Now and then it is not unusual for a cat to vomit. Like people, they can have upset stomachs for many reasons, including stomach bugs, a reaction to a food that does not agree with their stomach, and even serious illnesses.
It is important to understand that vomiting is not normal in cats, especially if it is happening more frequently than once a month, or it is happening repeatedly. If this is the case, it is time to seek help from a veterinarian to get to the cause of your cat’s stomach issues.
Vomiting Or Regurgitation?
When it comes to getting help from your veterinarian, one thing they may want to know is whether your cat is vomiting or regurgitating. Here is the difference.
If your cat is truly vomiting, you will likely notice them retching, drooling, or making other noises before the contents of their stomach are expelled. Vomit may include food, water, or bile, all from the stomach.
If your cat has eaten and you see whole pieces of food in the projectile, it may be regurgitation. When this happens, the food, water, or other object ingested have not made it to the stomach before they come back up. There is usually no retching associated with regurgitation, either.
What Could Be Causing My Cat To Vomit?
Here are a few possible causes of a cat’s vomiting.
Eating Too Much, Too Fast
If your cat is a fast eater, you can almost be sure that sooner or later then are going to end up throwing up. You can slow your cat down during mealtime by feeding them from a puzzle bowl or feeding toys.
Not only do these types of products keep your cat from eating too fast, but also make mealtime fun and engaging. If you have slowed down your cat’s eating and they are still vomiting, a visit to your veterinarian is necessary.
If eating too much, or too fast is not the cause of your cat’s vomiting, it might be a good idea to take a close look at the food you are feeding to them. Some cats have food allergies, and certain stomach sensitivities.
If your veterinarian believes that your cat’s food is the problem, they may suggest changing up your cat’s diet with a food that will not irritate their sensitivities. If that does not work, a stricter diet, also known as a hydrolyzed diet, might be recommended.
A hydrolyzed diet means that the food has gone through a process to break down the protein, which is the cause of many food allergies in cats. The breakdown keeps your cat’s immune systems from recognizing the allergen, which then prevents any allergy symptoms or flare-ups.
It is not unusual for a cat to occasionally pass a hairball. However, if it is frequent, painful, or difficult for your cat to get out, there may be a more serious issue. Hairballs happen because cats are diligent with their hygiene. As they groom, cat’s tongues catch loose, or dead hair, and then swallows them. Often, theses hairs will pass straight through your cat’s digestive system, but sometimes they become trapped in the stomach.
There, they can form a ball – the hairball – which then is vomited. There are some things you can do to prevent hairballs from forming. Several supplements can be bought in chew or gel form.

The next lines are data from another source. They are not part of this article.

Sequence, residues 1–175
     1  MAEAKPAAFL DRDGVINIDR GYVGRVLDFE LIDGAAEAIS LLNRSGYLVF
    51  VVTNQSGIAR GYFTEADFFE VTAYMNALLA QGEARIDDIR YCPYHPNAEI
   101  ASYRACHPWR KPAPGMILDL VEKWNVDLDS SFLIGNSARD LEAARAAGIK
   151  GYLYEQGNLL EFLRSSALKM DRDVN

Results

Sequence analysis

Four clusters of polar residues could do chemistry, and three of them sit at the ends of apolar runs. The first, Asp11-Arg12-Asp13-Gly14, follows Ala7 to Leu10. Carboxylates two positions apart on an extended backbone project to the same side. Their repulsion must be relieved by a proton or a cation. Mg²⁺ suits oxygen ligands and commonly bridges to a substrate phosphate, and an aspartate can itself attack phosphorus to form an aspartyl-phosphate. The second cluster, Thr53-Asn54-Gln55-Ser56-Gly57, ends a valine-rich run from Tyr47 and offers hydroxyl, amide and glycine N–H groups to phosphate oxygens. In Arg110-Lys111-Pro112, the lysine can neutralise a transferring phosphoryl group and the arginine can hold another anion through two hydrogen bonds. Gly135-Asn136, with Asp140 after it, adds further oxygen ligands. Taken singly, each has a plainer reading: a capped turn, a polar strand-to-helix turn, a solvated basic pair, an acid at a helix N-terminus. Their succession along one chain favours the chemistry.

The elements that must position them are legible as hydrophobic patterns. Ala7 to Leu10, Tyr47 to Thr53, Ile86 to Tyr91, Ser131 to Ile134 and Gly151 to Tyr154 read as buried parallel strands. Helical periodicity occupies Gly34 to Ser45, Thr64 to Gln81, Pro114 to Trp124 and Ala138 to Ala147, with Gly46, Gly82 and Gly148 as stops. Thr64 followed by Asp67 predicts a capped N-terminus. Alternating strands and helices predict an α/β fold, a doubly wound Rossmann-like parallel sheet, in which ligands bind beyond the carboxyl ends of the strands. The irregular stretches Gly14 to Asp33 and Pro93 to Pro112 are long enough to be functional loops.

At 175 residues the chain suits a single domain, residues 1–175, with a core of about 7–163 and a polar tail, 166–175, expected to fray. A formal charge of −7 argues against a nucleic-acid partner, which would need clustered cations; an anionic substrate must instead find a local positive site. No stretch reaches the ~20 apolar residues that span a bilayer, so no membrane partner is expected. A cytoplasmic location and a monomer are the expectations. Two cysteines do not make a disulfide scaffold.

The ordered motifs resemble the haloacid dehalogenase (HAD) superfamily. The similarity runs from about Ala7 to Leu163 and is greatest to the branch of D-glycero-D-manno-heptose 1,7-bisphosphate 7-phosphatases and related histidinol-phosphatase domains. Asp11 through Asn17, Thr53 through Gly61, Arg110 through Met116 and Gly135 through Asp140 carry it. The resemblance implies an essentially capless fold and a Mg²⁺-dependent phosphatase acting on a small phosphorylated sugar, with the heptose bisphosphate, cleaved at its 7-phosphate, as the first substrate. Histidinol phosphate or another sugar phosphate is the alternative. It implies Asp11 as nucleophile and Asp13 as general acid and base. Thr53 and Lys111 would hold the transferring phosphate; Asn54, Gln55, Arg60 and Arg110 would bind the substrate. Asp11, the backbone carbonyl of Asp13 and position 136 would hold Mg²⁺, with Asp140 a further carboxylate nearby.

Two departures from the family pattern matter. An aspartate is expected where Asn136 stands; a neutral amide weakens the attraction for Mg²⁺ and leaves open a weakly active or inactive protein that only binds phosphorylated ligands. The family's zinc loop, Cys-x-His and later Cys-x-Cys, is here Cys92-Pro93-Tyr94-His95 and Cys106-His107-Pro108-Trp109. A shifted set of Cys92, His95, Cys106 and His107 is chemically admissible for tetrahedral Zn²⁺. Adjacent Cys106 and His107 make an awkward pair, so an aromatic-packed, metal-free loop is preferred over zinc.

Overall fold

Regularly brushing your cat’s fur can also prevent them from swallowing the hair they might have ingested while grooming themselves.
Routine, especially around mealtime, is important for cats. If you are unsure of how much and how often your cat should be eating, talk to your veterinarian. When there are changes to your cat’s diet, it can cause your cat to vomit or regurgitate the food.
If you are switching up your cat’s food, be sure to do it gradually. Over the course of at least one week, gradually decrease the amount of the current food you are giving your cat, while introducing more and more of the new food.
Cats can be curious creatures, and that is no different when it comes to when they put in their mouths. Many times, cats get into something they should not have, which can irritate the lining of the stomach. It is a condition known as gastritis and can cause your cat to vomit or regurgitate their food, and in some cases blood and bile.
Along with vomiting, you may also notice a change in your cat’s appetite, attitude, or activity level. They may also seem dehydrated. Other causes of gastritis could be constipation, throat irritation, parasites, or an obstruction in the digestive tract.
Cat Vomiting Symptoms
Ongoing issues with vomiting could indicate that your cat is seriously ill and needs you to contact a veterinarian as soon as possible. You should also contact a veterinary professional and seek help if you see any of the following symptoms:
- Repeated vomiting
- Blood in vomit
- Weakness / Lethargy
- Pain / Distress
- Blood in stool
When you do make your visit to the vet, make sure to also take a sample of your cat’s vomit with you to the appointment. Being able to see and physically examine it may help to determine the cause of your cat’s stomach issues. Some of the things that a veterinarian can determine from a sample of your cat’s vomit include:
- If there are large amounts of mucus on the vomit, it could be a sign of inflammation in the intestine
- Seeing undigested food could indicate your cat has ingested something toxic, they have anxiety, or they have simply eaten too much too quickly
- Bile in the vomit could mean there are underlying conditions, such as pancreatitis or inflammatory bowel disease
- If you see red blood in the vomit, it could be your cat has ulcers
- If there is a strong smell present, it could mean there is an obstruction in the intestines
Call Your Veterinarian
Your cat’s medical treatment will be dependent on the underlying cause. Some issues can be fixed by temporarily fasting your cat or could be serious enough to warrant surgery and other procedures.